FTC Blogs

Supreme Court: Self-interested boards must be actively supervised

Yesterday, the Supreme Court affirmed the Fourth Circuit’s decision to uphold the FTC’s order against the North Carolina State Board of Dental Examiners In a tour-de-force opinion laying out the proper scope of the state action doctrine first articulated in Parker v.

National Consumer Protection Week in every community

When National Consumer Protection Week starts on Sunday, it will mark the 17th year of a growing partnership. NCPW now includes 89 federal, state and local agencies and non-profits working together to connect people with the best consumer education resources.At NCPW.gov, you’ll find resources to help you manage your money, handle credit and debt, stay safe online, avoid identity theft, and more. Read the latest news from consumer protection experts on our blog; share videos, articles, audio tips, and blog posts; order free resources; or file a complaint when you spot a scam. You’ll also get ideas on how to get involved so you can help us spread the word about consumer protection.

FTC and NY Attorney General team up again to tackle abusive debt collectors

On the heels of their victory against National Check Registry, the FTC and the New York Attorney General teamed up again to announce two complaints against debt collectors that allegedly used a slew of abusive and deceptive tactics to pressure consumers into making payments on questionable debts.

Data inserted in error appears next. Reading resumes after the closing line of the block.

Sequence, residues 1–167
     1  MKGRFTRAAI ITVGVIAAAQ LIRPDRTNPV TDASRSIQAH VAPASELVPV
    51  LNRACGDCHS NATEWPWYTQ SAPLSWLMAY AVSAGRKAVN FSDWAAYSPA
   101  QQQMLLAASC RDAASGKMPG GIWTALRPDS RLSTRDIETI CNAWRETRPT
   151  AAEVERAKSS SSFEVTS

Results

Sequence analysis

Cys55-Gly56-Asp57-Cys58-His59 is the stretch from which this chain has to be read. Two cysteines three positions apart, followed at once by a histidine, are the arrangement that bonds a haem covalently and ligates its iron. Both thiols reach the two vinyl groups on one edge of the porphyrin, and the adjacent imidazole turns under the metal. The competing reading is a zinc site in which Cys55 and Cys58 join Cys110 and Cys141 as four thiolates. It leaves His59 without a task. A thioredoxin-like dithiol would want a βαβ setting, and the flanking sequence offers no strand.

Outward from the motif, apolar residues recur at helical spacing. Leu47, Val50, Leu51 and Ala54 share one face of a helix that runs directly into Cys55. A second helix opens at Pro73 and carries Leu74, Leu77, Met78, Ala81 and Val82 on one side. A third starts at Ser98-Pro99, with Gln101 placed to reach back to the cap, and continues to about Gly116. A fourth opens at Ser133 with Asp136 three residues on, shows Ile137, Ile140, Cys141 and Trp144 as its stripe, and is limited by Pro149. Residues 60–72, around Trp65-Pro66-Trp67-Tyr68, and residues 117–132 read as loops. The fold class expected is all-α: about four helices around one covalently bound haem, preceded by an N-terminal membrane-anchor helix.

You (haven’t really) won!

For years, we’ve been hearing about lottery scams: the imposter who convinces you that you’ve won the lottery (you didn’t) – and all you have to do is pay some fees to collect your millions (you won’t). And for years, we’ve been hearing about lottery scams that originate in Jamaica, where telemarketing lottery scams became a cottage industry in some parts of the island.

Scientific substantiation: Take the right “app”roach

According to the National Cancer Institute, melanoma of the skin is the most deadly form of skin cancer. Many people want to keep an eye out for possible symptoms and take action fast, if necessary. So, could you make an app for that? Hmm, as “app”ealing as it sounds, hold the phone.

Can your app really do that?

Apps can provide hours of entertainment, keep you organized, and help you learn something new. Indeed, apps can be helpful, as long as they provide accurate information. But if you’re trying to analyze a serious medical condition with an app — like whether that mole on your back might be a sign of melanoma — talk with your doctor or another reliable medical professional first. As recent FTC cases show, some health apps make claims they can’t back up.

Law and Orders

Once you’re subject to an FTC order, if you do not comply with its provisions, there are consequences in addition to any you face for deceptive or misleading practices.  Violation of an order can pave the way for civil penalties.

The FTC swats company’s claims about mosquito repellent bands

Imagine you’re sitting on the patio sipping a cold, refreshing drink, or you’re watching your kid’s afternoon game. Then, without warning, those annoying, unwelcome guests swoop in and ruin the fun. Come on, now, I don’t mean your in-laws! I’m talking about those pesky mosquitoes, buzzing around and bugging everyone in sight. We’ve all been there, right?